Genetic diversity in jocote trees is saved by growing them locally

In a refreshing twist, humans have been shown to be part of the solution to the issue of decreasing genetic diversity in our world rather than part of the problem.

Global genetic diversity is being eradicated through any number of human-driven activities, the removal of large-scale forests key among them. Now, WUSTL researchers have reported that farmers and families in Central America actually have saved genetic variation in the jocote (ho-CO-tay), or Spondias purpurea, a small tree that bears fruit similar to a tiny mango.

They’ve done this by taking the plants out of the forest, their wild habitat, and growing them close to home for family and local consumption.

Allison Miller, Ph.D., a postdoctoral researcher at the University of Colorado and a former WUSTL graduate student, worked with two faculty members from the Department of Biology in Arts & Sciences: Barbara A. Schaal, Ph.D., the Spencer T. Olin Professor in Arts & Sciences; and Peter H. Raven, Ph.D., the Engelmann Professor of Botany and director of the Missouri Botanical Garden. Also assisting were WUSTL undergraduates Erin O’Mahoney Cubbison and Anna Paschke.

They have shown multiple domestications of the jocote in Central America in the midst of large-scale deforestation, a practice that endangers genetic diversity.

Weeding out genetic diversity

Modern-day agriculture entails growers selecting hardy plants that grow vigorously and continually “weeding out” genetic diversity through the selection process.

“Many of the crops are so highly domesticated that they don’t have much genetic variation, and we are kind of looking at them after they’ve been highly domesticated and produced these elite varieties,” Schaal said.

In a paper recently published in Proceedings of the National Academy of Science, Miller identifies the various wild and cultivated jocote species and indicates that cultivation of the jocote has preserved genetic diversity.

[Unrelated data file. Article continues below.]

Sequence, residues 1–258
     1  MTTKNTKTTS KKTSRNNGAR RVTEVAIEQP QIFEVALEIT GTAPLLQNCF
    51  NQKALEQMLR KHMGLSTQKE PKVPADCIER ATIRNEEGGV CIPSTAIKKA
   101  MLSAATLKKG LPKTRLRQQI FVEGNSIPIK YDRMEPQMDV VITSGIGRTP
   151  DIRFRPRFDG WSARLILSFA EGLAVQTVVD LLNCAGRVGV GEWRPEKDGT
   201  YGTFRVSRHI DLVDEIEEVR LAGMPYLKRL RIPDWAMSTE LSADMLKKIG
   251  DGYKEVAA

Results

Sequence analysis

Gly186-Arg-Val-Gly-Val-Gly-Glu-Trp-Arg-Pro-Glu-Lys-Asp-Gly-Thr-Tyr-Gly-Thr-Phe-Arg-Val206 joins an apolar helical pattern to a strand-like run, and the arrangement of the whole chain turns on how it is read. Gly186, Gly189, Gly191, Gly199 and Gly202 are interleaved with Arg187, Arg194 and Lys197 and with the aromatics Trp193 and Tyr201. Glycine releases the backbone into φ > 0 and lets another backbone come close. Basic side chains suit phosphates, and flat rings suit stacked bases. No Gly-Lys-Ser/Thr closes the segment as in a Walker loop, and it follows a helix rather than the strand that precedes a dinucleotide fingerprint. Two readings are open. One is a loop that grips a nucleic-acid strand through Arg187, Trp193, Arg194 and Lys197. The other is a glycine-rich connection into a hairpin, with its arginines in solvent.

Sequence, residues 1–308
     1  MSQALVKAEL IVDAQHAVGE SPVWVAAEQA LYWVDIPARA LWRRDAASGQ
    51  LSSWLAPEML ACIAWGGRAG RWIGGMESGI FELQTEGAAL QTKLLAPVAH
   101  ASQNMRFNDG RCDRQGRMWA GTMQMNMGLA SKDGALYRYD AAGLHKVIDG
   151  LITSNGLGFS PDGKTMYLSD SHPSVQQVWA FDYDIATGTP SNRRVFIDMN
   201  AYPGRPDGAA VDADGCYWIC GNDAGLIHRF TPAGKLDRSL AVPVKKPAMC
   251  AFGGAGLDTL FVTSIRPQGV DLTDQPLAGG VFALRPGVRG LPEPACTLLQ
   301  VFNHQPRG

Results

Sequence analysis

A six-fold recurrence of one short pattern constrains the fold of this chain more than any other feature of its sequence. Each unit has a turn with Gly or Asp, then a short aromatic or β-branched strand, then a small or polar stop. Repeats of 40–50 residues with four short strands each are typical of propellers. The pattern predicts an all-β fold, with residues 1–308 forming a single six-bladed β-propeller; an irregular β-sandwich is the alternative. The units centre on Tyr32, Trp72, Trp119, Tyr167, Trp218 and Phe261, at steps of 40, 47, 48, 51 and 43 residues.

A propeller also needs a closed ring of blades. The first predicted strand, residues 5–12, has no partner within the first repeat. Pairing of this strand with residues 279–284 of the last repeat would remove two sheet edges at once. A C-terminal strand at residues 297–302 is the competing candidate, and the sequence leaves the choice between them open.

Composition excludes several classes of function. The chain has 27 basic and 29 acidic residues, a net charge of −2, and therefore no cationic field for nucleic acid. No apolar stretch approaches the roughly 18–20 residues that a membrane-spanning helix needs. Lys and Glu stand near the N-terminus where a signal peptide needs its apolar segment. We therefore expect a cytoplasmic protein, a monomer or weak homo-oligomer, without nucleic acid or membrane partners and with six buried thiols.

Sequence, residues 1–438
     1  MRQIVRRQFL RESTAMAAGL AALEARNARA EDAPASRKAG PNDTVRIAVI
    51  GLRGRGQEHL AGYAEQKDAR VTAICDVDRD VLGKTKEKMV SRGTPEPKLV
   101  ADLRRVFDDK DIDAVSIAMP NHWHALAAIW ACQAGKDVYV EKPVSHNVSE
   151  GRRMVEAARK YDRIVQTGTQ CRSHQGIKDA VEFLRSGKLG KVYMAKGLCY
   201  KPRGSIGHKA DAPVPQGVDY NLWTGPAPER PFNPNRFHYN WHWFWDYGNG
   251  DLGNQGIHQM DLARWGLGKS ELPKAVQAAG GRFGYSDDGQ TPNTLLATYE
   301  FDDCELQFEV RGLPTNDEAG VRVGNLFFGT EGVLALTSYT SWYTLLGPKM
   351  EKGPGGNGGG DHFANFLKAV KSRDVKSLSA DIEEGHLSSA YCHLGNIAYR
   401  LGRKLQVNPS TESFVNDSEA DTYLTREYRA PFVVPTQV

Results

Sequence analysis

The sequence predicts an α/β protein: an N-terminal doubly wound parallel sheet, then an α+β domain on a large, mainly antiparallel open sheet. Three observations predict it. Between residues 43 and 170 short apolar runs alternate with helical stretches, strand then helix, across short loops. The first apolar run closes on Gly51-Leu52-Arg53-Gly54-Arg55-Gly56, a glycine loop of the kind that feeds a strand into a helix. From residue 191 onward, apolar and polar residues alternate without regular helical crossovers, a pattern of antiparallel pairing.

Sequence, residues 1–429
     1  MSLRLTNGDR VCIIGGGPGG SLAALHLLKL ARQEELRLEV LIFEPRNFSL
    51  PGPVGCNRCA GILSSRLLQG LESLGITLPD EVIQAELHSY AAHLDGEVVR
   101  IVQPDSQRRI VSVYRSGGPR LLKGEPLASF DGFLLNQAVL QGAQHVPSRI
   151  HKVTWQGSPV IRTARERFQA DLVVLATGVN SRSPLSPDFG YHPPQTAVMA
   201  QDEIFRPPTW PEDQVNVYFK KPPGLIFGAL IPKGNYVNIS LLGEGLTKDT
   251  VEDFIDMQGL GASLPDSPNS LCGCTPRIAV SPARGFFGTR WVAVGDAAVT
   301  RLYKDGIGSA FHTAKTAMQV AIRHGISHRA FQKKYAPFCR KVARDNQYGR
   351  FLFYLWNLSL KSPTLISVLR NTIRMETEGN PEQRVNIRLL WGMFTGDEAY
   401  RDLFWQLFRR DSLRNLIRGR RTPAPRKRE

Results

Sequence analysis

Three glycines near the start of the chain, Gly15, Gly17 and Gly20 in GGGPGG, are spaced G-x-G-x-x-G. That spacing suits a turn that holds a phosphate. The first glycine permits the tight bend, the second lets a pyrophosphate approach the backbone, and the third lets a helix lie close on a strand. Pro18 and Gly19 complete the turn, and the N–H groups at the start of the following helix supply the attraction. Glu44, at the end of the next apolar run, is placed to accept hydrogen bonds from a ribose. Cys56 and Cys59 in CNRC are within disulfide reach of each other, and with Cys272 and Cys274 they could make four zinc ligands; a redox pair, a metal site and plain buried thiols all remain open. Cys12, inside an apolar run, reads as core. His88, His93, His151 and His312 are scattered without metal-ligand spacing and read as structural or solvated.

Genetic diversity has been estimated to have decreased by as much as 80 percent in cultivated populations through the last century, so it’s quite a remarkable occurrence when domestication is identified as being a process for preserving genetic diversity, rather than limiting it.

With less than 2 percent of the Central American tropical dry forests remaining, jocotes would be significantly limited if it were not for the cultivation of the species.

Miller, primary author on the study, collected nearly 100 samples of S. purpurea through field studies in Costa Rica, El Salvador, Guatemala, Honduras, Mexico, Nicaragua and Panama. In each of 11 geographic regions, samples were taken from wild and cultivated habitats.

DNA extracted from the jocote samples allowed for analysis of the chloroplast spacer, a commonly used molecular marker in botanical studies.

The authors say that, through multiple domestications, genetic diversity in the jocote has been preserved.

This is the “first phylogeographic evidence of multiple domestications of a cultivated fruit tree in the Mesoamerican center of domestication,” Miller said.

There is considerable variation in the jocote species. The mature fruit can be green, yellow, orange, red or violet, and they can have varying lengths, textures and tastes.

The wild fruits are generally bright red, smaller and more acidic than cultivated varieties. Wild jocotes reproduce by seed, whereas cultivated varieties reproduce through cuttings — indicating that domestication has altered the species.

“I think it is really amazing to consider that the food we eat today, the foods we find in grocery stores, originated in all different parts of the globe,” Miller said. “For me, it is interesting to think that every crop species, including even a little-known fruit tree from Mexico and Central America, has an involved and unique evolutionary history.”